Image credit, and a respectable way of defending costliness.
As a follow-up to QE - Financing the Inefficient Sector, consider why one ought to expect the public sector to be economically inferior to private enterprise.
There are, of course, good political reasons to beware of government crowding out private suppliers; and there are - at least three - good economic reasons to keep government-as-producer at bay:
- is an inefficient producer,
- encourages over-consumption, and
- brings about tax distortions,
all of which three factors reduce our wealth.
Public provision of goods and services is politically popular because it appears to furnish us with a free lunch, when in fact it is a highly costly way of delivering, where some may receive a subsidy while overall more must be paid.
Inefficient producer: government is politically exempt from the profit-and-loss system that private producers are relentlessly exposed to. The public sector is capable of production that is not economically viable. It is also often removed from establishing the degree of economic viability of its operations. Being insulated from the rationality and pressures of an economic enterprise, public providers of goods and services are not permanently forced to seek new, better, and more efficient ways of operating.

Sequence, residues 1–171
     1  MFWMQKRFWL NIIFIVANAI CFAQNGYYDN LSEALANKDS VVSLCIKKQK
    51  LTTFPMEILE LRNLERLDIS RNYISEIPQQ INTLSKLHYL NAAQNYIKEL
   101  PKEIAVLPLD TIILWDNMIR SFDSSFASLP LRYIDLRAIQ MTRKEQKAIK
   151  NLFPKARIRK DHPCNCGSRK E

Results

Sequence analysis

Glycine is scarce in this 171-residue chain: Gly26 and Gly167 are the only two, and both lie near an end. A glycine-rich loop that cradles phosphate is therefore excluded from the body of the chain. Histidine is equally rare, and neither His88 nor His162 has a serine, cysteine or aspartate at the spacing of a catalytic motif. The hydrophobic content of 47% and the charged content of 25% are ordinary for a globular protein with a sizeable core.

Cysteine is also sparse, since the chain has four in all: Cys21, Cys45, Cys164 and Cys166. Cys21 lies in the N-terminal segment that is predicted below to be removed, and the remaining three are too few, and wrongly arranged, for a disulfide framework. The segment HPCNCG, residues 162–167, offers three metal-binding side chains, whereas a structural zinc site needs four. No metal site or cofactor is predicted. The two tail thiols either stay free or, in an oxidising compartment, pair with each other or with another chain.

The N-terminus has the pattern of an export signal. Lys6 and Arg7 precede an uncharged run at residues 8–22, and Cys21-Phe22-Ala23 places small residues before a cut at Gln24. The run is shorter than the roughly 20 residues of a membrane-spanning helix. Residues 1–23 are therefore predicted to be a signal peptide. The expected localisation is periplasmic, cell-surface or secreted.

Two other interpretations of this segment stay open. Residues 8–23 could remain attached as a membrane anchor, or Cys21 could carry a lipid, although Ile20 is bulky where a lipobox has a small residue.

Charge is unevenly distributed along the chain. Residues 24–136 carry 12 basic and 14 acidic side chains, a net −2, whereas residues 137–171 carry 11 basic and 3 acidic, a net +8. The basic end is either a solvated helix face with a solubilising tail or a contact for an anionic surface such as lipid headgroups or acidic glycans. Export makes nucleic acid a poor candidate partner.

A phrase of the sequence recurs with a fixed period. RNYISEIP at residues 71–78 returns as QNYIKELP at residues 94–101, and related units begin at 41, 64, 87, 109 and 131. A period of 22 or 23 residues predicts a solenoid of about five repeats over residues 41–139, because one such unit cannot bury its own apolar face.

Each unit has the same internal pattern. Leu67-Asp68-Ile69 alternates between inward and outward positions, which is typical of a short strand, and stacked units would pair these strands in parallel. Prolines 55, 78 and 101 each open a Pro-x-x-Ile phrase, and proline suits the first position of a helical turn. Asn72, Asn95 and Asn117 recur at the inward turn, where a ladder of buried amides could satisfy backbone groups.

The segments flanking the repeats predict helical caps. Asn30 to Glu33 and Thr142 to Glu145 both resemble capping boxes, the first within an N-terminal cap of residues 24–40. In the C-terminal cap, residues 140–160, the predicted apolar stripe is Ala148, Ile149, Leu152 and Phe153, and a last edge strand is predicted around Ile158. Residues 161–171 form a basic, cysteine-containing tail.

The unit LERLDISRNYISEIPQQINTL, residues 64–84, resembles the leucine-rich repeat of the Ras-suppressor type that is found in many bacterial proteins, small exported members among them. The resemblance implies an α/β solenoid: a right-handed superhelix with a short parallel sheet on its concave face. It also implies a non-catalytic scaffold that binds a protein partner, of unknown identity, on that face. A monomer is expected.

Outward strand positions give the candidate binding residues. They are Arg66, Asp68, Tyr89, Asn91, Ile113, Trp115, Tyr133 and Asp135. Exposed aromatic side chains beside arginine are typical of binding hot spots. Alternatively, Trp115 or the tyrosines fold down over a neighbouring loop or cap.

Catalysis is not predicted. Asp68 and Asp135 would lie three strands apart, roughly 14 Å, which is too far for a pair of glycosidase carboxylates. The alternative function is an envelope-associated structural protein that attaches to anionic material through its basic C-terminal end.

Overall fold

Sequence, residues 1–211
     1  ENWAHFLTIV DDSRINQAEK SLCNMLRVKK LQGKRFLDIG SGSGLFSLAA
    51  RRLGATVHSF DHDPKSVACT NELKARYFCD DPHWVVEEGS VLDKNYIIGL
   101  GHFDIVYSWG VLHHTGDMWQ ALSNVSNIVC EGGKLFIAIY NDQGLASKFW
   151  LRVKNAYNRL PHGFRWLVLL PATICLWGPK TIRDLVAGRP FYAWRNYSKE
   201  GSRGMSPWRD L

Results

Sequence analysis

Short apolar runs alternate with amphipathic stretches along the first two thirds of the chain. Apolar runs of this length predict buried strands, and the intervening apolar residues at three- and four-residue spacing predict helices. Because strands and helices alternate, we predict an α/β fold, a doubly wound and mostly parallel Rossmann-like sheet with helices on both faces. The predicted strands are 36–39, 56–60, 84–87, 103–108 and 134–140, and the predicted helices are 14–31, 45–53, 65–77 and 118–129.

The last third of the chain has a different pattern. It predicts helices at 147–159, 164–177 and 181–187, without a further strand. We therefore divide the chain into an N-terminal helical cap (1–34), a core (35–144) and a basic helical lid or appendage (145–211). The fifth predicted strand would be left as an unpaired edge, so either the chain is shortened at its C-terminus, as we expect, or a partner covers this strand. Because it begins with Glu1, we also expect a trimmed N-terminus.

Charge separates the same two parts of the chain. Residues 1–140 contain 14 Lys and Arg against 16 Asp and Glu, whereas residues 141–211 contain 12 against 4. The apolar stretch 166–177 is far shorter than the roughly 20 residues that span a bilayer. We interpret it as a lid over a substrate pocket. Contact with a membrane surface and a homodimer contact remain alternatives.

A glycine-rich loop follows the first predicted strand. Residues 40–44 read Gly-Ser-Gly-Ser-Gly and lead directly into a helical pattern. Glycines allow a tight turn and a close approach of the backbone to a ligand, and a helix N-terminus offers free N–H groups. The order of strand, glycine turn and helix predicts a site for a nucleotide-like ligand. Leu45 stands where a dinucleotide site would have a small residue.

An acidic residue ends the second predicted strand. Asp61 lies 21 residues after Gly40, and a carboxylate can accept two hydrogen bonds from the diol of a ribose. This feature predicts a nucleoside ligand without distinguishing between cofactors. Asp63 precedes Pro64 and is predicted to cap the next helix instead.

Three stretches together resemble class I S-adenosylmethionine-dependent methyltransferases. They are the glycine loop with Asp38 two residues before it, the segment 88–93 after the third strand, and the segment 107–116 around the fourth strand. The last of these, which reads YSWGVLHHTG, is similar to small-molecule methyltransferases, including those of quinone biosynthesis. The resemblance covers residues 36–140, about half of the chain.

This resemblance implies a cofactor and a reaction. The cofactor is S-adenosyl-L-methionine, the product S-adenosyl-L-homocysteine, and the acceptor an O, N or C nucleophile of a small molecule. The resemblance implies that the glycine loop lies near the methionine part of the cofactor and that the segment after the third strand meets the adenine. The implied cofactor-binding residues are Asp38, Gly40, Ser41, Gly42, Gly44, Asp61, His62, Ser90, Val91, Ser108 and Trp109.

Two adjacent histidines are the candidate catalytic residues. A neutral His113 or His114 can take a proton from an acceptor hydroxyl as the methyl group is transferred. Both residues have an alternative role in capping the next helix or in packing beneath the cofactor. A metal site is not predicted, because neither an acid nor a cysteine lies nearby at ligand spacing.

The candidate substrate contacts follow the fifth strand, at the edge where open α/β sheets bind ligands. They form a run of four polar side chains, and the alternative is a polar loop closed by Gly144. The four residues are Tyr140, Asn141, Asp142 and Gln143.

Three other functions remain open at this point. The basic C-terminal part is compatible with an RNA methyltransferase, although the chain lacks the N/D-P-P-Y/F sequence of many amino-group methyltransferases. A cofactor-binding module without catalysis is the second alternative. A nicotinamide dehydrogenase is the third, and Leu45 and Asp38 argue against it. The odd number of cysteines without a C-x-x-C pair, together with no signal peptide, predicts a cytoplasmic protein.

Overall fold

Over-consumption: When the consumer bears the cost of goods and services, demand is self-limiting. You pay as long as something is (a) worth it - i.e. benefits exceeding costs - and (b) within your budgetary means.
- Replacing self-limiting consumption decisions by its own centralised discretion, and
- being exempted from economic rationality (see "inefficient producer"), which precludes private providers from producing at prices insufficient to cover their fixed and variable costs, while at the same time
- under political pressure to keep up the pretense of a free lunch,
government tends to encourage over-consumption.
Tax distortions: Were government an efficient producer and capable of preventing over-consumption, it would still be lagging private providers in that it depends for its financing on taxes, which are
- expensive to raise both for government itself and for taxpayers, and
- tend to impose further economic costs by punishing and thus discouraging productive economic activities, such as thrift or provision of employment.
In conclusion: substituting public for private spending on providing goods and services is equivalent to shifting more resources to the high-cost producer.
In writing this chapter, I have been leaning heavily on Arnold Kling's "Learning Economics" - Chapter 57: Government: The High-Cost Producer.